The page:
How to design the fun out of things

by Brock Dubbels | at MinneBar 10 | 2:45 – 3:35 in Harriet | View Schedule

There is nothing more wondrous in software than a dancing bear. Well, maybe an evil dancing bear. In this workshop, learn to express your schadenfreude through the design of software. Learn the glorious irony in the creation of pain stations: a paradise lost complete with repetitive treadmills of grinding.

Alternatively, if you enjoy babygoats on trampolines and other "happy things, this session will provide a model for learn to design invoke play, and sustain it through interaction and feedback, and if you are evil, then take it away. We learn three aspects of discount design methods as simplified user testing, narrowed prototypes, and heuristic flow models for delivering software for impact and persuasion.

Create live action simulation, with insights on the difference between imitation and emulation, and when they are most useful. Use ethnographic methods for conducting contextual analysis, learn about data-informed models; create documentation like procedural workflows and hierarchical flow charts for the creation of your very own WAAD (work activity affinity diagram) fro creating needs, requirements and design


Brock Dubbels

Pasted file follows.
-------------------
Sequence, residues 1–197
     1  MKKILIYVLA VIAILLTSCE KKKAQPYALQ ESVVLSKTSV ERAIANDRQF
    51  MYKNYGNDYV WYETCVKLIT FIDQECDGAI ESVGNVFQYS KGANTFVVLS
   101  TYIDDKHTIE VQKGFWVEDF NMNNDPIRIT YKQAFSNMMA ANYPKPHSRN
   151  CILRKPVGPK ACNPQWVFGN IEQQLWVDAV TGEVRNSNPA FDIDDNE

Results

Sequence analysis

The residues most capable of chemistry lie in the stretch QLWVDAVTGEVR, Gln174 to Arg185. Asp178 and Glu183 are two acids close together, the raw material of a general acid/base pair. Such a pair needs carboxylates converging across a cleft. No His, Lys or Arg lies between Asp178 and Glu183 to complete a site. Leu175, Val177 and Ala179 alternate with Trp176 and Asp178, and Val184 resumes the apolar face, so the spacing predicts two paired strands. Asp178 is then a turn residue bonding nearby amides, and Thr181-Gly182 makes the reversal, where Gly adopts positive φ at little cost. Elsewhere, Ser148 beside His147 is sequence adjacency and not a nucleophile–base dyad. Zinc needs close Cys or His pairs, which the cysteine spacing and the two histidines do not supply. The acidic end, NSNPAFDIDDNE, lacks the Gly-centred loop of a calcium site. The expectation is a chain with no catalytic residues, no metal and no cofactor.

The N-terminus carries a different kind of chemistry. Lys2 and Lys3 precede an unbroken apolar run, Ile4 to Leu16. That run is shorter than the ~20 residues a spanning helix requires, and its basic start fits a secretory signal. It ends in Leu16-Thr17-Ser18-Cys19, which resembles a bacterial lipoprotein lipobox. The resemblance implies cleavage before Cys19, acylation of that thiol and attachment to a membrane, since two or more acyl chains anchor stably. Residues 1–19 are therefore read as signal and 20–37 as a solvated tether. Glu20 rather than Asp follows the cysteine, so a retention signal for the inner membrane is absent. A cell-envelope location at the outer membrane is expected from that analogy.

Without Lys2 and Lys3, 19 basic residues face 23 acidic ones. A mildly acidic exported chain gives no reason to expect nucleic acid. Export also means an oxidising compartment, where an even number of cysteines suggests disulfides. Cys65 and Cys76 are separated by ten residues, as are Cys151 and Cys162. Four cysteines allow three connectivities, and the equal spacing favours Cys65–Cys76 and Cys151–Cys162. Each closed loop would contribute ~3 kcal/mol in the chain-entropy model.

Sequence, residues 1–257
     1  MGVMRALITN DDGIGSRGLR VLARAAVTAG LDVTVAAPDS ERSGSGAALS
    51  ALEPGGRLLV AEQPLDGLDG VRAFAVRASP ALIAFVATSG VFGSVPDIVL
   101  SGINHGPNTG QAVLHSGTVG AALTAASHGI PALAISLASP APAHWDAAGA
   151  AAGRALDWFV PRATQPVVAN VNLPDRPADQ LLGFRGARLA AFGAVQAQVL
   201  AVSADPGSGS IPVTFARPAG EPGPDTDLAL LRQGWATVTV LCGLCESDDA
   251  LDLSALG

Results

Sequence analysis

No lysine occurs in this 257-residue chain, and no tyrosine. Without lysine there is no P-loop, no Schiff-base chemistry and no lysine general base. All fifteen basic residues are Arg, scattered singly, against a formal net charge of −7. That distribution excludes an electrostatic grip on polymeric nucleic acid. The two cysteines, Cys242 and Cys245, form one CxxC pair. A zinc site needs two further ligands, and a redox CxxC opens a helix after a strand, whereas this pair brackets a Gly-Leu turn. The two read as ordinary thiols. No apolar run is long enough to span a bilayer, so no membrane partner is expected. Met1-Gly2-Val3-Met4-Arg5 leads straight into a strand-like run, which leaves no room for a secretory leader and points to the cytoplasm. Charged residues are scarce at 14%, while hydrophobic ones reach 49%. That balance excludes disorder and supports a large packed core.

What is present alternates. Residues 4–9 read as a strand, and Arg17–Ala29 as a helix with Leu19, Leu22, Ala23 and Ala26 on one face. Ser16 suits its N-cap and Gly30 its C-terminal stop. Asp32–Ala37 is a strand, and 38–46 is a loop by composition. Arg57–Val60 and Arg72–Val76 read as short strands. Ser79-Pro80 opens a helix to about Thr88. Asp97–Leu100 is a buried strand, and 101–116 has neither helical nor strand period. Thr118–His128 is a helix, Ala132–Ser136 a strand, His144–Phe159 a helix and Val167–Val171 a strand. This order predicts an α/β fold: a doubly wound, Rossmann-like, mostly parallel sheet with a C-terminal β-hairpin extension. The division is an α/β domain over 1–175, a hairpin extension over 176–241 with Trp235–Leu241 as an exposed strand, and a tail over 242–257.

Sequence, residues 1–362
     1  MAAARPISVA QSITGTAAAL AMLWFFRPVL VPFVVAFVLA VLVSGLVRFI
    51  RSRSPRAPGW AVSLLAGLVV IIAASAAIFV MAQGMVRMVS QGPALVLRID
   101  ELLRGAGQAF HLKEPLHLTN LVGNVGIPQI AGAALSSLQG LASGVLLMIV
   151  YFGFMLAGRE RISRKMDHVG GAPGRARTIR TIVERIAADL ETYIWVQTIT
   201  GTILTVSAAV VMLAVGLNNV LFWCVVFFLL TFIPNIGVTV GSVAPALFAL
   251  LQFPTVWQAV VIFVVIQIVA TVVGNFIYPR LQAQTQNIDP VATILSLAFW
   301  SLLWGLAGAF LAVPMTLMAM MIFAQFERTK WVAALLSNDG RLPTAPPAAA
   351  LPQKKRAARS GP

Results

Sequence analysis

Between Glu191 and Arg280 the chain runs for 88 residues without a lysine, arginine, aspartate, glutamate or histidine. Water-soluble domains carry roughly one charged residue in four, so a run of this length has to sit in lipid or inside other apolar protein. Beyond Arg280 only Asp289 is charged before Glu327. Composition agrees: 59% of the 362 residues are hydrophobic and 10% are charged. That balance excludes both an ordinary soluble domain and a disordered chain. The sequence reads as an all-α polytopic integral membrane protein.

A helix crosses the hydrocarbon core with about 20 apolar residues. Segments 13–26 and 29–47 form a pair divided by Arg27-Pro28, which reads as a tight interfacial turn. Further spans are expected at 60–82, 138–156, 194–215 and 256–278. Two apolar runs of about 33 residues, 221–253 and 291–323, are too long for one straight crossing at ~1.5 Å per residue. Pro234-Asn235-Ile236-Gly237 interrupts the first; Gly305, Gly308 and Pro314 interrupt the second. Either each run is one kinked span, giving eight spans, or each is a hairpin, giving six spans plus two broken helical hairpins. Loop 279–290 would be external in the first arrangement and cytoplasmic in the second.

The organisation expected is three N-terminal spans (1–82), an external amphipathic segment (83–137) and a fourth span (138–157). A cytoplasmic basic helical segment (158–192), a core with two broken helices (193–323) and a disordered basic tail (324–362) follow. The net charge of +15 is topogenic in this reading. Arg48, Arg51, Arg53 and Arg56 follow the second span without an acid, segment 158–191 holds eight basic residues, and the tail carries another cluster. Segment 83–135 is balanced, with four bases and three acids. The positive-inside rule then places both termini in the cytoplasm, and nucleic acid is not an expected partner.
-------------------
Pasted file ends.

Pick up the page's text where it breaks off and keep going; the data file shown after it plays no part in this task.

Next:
Brock Dubbels currently conducts psychological research at the GScale Game Development and Laboratory at McMaster University. He has worked as a Fulbright Scholar at the Norwegian Institute of Science and Technology; at Xerox PARC and Oracle, and as a research associate at the Center for Cognitive Science at the University of Minnesota. His specialties include user research, user experience, and software project management. He teaches course work on games and cognition, and how learning research can improve game design for return on investment (ROI). He is also the founder and principal learning architect at for design, production, usability assessment and evaluation of learning systems and games.He is also the founder of the, an organization providing free programming instruction to children, and is the Editor in Chief of the International Journal of Games and Computer Mediated Simulations.